The many faces of dual-mode handsets

Popularity of VoIP and Wi-Fi is creating a new momentum in the wireless industry. Businesses, in the need to reduce cost, are demanding new solutions. Consumers, who join the “cool stuff to have” ideal, want new products to show off more than a mere productivity increase.

A new feature for wireless handsets in 2006, which is gaining its momentum in 2007, is the Wi-Fi/3G capable handsets, capable of being used on a 3G network (GSM/CDMA) as well as on a Wi-Fi network, performing handoff in both directions. The basics of its functionality could be described as follows. Picture yourself leaving your home to work, and right before doing so, you receive a phone call in your mobile. While talking using the Wi-Fi network in your home, you leave your house. Your phone then does a handoff from the Wi-Fi to the 3G network. Once arriving at your office, the handset automatically does another handoff, now from the 3G network to the Wi-Fi network. This is a reality today, but still in its early stages.

By providing Wi-Fi coverage inside the buildings, a massive IP network is in place. And it is being more and more explored these days. In Canada, the wireless phone penetration is still low, being 56per cent, when compared to our neighbour United States which is 73.2per cent. The message to the market is that there are lots of opportunities to be explored in Canada. With the VoIP capabilities hype, it is expected that Wi-Fi/3G handsets will boom the market between 2007 and 2010. New services will be offered to consumers and business users, enabling the massive deployment of Wi-Fi/3G capable handsets. The Fixed Mobile Convergence Alliance (FMCA), formed in 2004, is focused in accelerating the development of convergence products and services. Wi-Fi/3G capable handset penetration was among 1per cent in 2006, and will grow to 2.3per cent in 2007, 8.6per cent in 2008, 19.2per cent in 2009 and 32per cent in 2010. The graph below illustrates it.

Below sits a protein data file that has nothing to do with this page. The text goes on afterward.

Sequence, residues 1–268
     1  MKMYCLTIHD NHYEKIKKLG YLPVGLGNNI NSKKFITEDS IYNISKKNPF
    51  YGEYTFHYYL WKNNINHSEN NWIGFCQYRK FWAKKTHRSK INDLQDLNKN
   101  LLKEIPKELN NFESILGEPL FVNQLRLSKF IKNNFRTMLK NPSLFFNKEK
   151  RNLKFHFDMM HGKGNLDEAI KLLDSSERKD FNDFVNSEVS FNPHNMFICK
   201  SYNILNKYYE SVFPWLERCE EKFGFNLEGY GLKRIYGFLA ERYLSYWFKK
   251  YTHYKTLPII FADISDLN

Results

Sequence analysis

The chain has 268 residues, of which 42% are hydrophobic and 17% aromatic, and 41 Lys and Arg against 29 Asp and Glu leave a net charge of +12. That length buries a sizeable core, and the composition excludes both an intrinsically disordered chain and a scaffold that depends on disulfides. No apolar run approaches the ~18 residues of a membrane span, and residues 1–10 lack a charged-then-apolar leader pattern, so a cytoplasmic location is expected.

The key driver is the businesses, who are always looking for cost reductions. Other drivers are broadband expansion, ARPU increase for carriers, VoIP service providers and competition in the market place.

The top 3 challenges that the industry will face is to put together a ROI model, carrier’s organizational structure and handset price. Battery issues have been overcome, by implementing sleep mode solutions to conserve energy.

Handset prices are expected to decrease considerably, from $400 in 2007 to $250 in 2010. Wi-Fi/3G capable handsets will grow from 2 million units in 2006 to 90 million units in 2010. Below are a few Wi-Fi/3G capable handset models.

Apple iPhone
Asus p525
Asus p535
Asus p735
BenQ Siemens P51
Eten m700
Eten x500
Samsung p200
Gigabyte g-smart
Gigabyte i300
HP h6325
HP rw6815
Samsung i600
HTC p3300
HTC p3600
HTC p4350
HTC s620
HTC tytn
O2 XDA Stealth
iMate pdal
Nokia 6086
Nokia n95
O2 XDA Cosmo
O2 XDA Exec
Son Ericsson P990

Eduardo G Kibel is a research analyst in Frost and Sullivan’s Toronto office.

Comment: [email protected]

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